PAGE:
(1) Maintenance means payments provided to an individual for expenses such as food, shelter, and clothing in excess of normal living expenses. Maintenance shall not exceed the amount of the increased cost of subsistence incurred by the individual's participation in a rehabilitation program and can be provided only after all available comparable benefits and the individual's financial resources have been considered.

(2) Maintenance during employment may be provided only when necessary to job placement and only until the individual actually receives wages or for a maximum period of thirty calendar days, whichever is less.

The maintenance provided shall not exceed the amount of increased costs of the individual's subsistence incurred by the individual's participation in his/her rehabilitation program. Commission expenditure for maintenance shall not exceed the maximum amount allowed unless personnel designated by the Commission have approved expenditure for longer than thirty days or for more than maximum dollar limits when exceptional circumstances warrant a waiver.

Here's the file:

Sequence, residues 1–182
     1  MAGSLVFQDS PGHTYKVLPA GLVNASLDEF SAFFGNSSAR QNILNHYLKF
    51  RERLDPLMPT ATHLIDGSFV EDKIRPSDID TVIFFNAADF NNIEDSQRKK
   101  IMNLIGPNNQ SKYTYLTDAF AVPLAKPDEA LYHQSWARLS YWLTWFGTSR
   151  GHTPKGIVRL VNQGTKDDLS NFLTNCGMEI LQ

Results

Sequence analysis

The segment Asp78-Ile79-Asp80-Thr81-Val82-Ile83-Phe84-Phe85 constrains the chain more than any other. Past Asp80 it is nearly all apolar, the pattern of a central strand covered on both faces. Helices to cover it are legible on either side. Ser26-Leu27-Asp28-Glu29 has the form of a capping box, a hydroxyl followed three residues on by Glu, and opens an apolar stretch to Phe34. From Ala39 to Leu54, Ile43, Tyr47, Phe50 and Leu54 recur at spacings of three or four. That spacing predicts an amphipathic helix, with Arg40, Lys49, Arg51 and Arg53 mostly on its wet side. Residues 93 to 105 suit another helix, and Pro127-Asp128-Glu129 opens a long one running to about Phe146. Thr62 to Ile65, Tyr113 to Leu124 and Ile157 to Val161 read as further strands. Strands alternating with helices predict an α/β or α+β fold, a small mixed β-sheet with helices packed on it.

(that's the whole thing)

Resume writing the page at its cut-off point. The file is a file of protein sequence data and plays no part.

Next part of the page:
6.09: Transportation

(1). When transportation is provided to enable an individual to participate in a vocational rehabilitation service under an IPE, the IPE must describe the required transportation, including the purpose, costs, duration and how transportation service supports one or more vocational rehabilitation services.

(2) Unless approved by designated Commission personnel, when exceptional circumstances warrant a waiver, transportation to employment may be provided only when necessary to enable the individual to commute from home to employment for the first 30 calendar days of employment;